DOVER — Three social workers, a district-wide English to Speakers of Other Languages paraeducator and a high school social studies teacher are among the new position requests in the city school district’s proposed budget for the 2023-24 school year.
The School Board on Tuesday approved a budget of just under $78.9 million, sending it to the City Council, which finalizes the city budget. The fiscal year 2024 proposal represents a 6.26% increase over the current fiscal year budget of $74.2 million.
The bottom line proposal exceeds the school district’s portion of the Dover tax cap calculation by just over $1.1 million.
Adding in a special revenue fund total of close to $6.3 million, the school district’s budget proposal for the upcoming academic year is just over $85.1 million.
Which Dover school jobs would be cut and a look at the new positions
Eleven existing full-time teaching positions — six across the city’s elementary schools and five at Dover Middle School — were cut from the budget due to lower student enrollment at the elementary and middle school levels, according to the district.
“The budget includes a cost-neutral staffing plan that addresses lower enrollments at the elementary and middle school levels, while expanding educational opportunities for students at the high school and career technical center,” a message from Dover schools Superintendent William Harbron and district business administrator Lines by Michael Limann. “The staffing plan also includes significant student and staffing support services at all three levels.”
Although each of the three Dover elementary schools would lose two full-time teaching positions in the budget proposal for next fiscal year, the proposal calls for each elementary school to appoint eight team leaders for the 2023-24 school year. The two dozen team leader positions, stipends paid to existing staff members, are proposed to cost $30,600 collectively.
A district description of the team leader positions states they “will bridge the gap of the school improvement plan — helping to ensure that decisions on teams align with the district’s and school’s mission, vision, and strategic plan.”
If the budget is approved as proposed, the elementary schools would also have one social worker floating between the campuses. Dover Middle School would have its own social worker, as would Dover High School.
The middle school would receive funding to hire a special education teacher and an instructional coach, too, which the district stated would “deliver timely instructional professional development directly to the classroom; helping predict and get ahead of issues as well as introduce new and supportive instructional materials.”
Dover High School would be allocated money to hire a school psychologist, a special education teacher, a library aide, a jazz band director, two percussion instructors and a marching band drill writer, among other additions.
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At the Dover Regional Career Technical Center, both a building trades teacher and a sports medicine teacher would be bumped up to full-time next fiscal year in the district’s budget proposal.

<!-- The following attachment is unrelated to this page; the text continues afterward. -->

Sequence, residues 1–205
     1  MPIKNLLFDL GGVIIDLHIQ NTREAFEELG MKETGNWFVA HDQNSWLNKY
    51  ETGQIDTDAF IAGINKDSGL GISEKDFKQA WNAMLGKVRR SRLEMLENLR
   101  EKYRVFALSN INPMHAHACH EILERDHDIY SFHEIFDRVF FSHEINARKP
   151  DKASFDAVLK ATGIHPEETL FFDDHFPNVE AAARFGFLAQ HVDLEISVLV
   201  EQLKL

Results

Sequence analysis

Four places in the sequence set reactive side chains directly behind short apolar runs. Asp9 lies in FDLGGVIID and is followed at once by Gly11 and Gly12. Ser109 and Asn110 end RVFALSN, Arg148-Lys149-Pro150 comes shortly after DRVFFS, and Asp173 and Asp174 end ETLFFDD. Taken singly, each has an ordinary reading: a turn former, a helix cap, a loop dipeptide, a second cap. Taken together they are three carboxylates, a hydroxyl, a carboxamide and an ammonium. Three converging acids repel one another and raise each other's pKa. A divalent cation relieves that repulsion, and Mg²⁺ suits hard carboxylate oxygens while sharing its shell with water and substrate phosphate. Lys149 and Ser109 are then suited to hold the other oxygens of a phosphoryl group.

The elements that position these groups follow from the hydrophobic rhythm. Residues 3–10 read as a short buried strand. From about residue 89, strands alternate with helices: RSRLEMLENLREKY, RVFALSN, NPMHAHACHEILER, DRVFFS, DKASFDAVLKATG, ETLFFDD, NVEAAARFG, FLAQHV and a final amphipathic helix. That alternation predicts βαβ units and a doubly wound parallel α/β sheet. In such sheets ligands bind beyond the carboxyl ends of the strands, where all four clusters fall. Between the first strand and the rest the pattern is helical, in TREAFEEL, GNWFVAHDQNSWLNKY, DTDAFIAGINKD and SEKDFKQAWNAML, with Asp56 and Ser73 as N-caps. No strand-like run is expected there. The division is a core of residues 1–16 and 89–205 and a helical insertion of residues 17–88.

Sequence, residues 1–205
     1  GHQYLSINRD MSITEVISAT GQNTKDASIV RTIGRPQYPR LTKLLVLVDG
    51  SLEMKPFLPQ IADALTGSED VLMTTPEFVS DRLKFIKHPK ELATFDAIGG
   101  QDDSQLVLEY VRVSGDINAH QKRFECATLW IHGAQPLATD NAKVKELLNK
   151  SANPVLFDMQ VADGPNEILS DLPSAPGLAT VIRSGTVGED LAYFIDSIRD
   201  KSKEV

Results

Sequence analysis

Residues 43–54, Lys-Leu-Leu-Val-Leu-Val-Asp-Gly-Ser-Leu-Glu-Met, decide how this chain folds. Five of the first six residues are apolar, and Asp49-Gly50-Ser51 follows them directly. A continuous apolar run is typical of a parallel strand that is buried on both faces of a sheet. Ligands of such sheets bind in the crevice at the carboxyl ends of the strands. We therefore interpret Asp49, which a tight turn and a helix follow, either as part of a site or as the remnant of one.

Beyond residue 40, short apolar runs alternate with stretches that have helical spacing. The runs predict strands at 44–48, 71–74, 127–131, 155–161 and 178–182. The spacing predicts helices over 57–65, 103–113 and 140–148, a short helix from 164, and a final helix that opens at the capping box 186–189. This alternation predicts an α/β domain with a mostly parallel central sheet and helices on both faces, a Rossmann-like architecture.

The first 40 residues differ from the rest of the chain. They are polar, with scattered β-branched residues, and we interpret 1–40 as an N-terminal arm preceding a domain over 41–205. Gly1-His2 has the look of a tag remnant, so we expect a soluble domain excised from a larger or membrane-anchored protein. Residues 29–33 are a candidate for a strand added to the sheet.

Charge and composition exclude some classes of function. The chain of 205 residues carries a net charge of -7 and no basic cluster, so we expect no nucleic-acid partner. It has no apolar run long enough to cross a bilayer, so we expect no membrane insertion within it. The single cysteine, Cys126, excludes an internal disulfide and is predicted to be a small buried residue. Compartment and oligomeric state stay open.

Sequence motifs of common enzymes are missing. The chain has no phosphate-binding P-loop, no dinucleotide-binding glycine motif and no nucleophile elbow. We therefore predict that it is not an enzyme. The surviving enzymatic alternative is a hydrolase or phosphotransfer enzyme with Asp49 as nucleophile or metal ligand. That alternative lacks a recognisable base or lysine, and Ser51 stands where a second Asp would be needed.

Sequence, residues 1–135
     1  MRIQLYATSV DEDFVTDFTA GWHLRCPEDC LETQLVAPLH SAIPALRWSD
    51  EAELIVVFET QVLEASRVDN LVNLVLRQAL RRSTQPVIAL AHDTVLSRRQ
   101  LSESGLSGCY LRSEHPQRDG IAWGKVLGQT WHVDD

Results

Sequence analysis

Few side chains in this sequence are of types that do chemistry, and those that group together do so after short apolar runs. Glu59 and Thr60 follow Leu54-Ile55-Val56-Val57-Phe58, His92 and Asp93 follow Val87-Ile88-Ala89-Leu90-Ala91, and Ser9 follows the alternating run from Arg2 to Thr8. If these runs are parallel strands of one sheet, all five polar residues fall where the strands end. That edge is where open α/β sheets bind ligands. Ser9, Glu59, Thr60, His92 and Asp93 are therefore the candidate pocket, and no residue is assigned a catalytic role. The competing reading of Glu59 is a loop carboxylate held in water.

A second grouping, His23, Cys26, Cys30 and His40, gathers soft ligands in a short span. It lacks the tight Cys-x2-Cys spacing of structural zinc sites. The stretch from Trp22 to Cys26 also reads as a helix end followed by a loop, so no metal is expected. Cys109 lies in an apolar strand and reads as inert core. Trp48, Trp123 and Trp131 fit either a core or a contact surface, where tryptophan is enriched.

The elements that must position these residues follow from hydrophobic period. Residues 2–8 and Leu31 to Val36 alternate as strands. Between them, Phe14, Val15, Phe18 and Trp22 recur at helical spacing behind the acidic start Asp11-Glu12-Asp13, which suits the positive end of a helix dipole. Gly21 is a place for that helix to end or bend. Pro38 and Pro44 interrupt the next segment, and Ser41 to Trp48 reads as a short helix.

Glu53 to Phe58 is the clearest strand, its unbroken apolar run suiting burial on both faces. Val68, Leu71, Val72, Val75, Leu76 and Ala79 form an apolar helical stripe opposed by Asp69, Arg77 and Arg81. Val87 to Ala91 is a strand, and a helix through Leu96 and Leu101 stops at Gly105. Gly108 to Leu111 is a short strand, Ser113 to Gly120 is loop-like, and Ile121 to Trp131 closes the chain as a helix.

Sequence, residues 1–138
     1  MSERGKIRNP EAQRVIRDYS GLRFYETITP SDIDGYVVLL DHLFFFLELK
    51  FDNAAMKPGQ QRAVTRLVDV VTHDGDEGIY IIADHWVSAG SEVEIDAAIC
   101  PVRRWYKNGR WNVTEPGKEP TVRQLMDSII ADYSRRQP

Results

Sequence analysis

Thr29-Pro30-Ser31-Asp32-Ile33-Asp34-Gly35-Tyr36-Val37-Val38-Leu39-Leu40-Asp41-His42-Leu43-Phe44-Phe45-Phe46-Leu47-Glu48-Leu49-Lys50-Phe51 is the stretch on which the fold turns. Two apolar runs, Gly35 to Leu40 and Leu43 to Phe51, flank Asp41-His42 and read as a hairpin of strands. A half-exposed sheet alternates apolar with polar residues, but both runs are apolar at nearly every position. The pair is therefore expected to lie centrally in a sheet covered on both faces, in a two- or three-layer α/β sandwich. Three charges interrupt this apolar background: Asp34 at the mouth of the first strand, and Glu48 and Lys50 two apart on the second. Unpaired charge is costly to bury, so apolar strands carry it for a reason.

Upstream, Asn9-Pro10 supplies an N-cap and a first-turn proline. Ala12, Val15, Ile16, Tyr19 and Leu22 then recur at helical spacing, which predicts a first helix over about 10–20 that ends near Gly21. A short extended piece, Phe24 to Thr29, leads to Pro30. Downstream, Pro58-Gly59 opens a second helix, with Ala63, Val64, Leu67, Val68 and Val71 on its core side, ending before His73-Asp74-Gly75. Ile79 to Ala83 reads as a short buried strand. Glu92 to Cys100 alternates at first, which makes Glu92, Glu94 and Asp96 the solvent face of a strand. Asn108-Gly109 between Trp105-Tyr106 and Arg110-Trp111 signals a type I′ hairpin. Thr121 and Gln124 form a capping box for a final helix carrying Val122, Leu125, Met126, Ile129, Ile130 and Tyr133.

Kori Kennedy, director of the Career and Technical Center, said the stigma against career technical education no longer exists and parents are seeking out courses at the center for their children.
“It’s a really good time for (the) CTC, and as we all know, there are so many benefits to these kids. Especially now, kids who are experiencing mental health issues, they find this connection with CTC and it gives them the hook to want to continue to go to school,” she said to the board. “The CTC positions are just so important and these two in particular, moving the two part-time teachers to full-time will really open up a lot of opportunities.”
Dover School Board chair one of two members who did not support the budget
On a 5-2 vote, the board adopted the proposed budget. Voting against the budget, which does not comply with the city tax cap, were School Board chairperson Carolyn Mebert and board member Michelle Clancy.
Maggie Fogarty, a School Board member representing Ward 1, stated that choosing whether to keep or cut positions, as well as deciding which ones to add, is a “mentally and spiritually painful” process worthy of reexamination.
“That we’re always choosing between those things because of artificial scarcity, it is not good and we need to be advocating in every realm that we can for a system that’s more human and more just,” she said.
Dover City Council has final say on the budget
The City Council will soon start reviewing department budgets and will decide on a final citywide budget in early spring. The timeline for when the school department would submit a budget proposal to city leadership was moved up this year, in order to spare the district any uncertainty on funding and whether they could afford to keep educators employed.
School Board members said Tuesday they are not finished editing the budget proposal, with some hoping to move the bottom line figure closer to the district’s portion of the tax cap.
“This year’s escalated budget timeline forced the board to make decisions based on a number of projections that may potentially change as we progress towards the City’s budget hearing in March. With all four bargaining unit contracts up for renegotiation (teachers, paras, office staff and administrators), we should expect additional budget discussions and revisions,” Harbron and Limanni’s message states.
The Dover school district is tentatively scheduled to have a budget meeting with the City Council on Feb. 22. A public hearing on the school district’s budget will be held during a City Council budget meeting currently scheduled for March 8.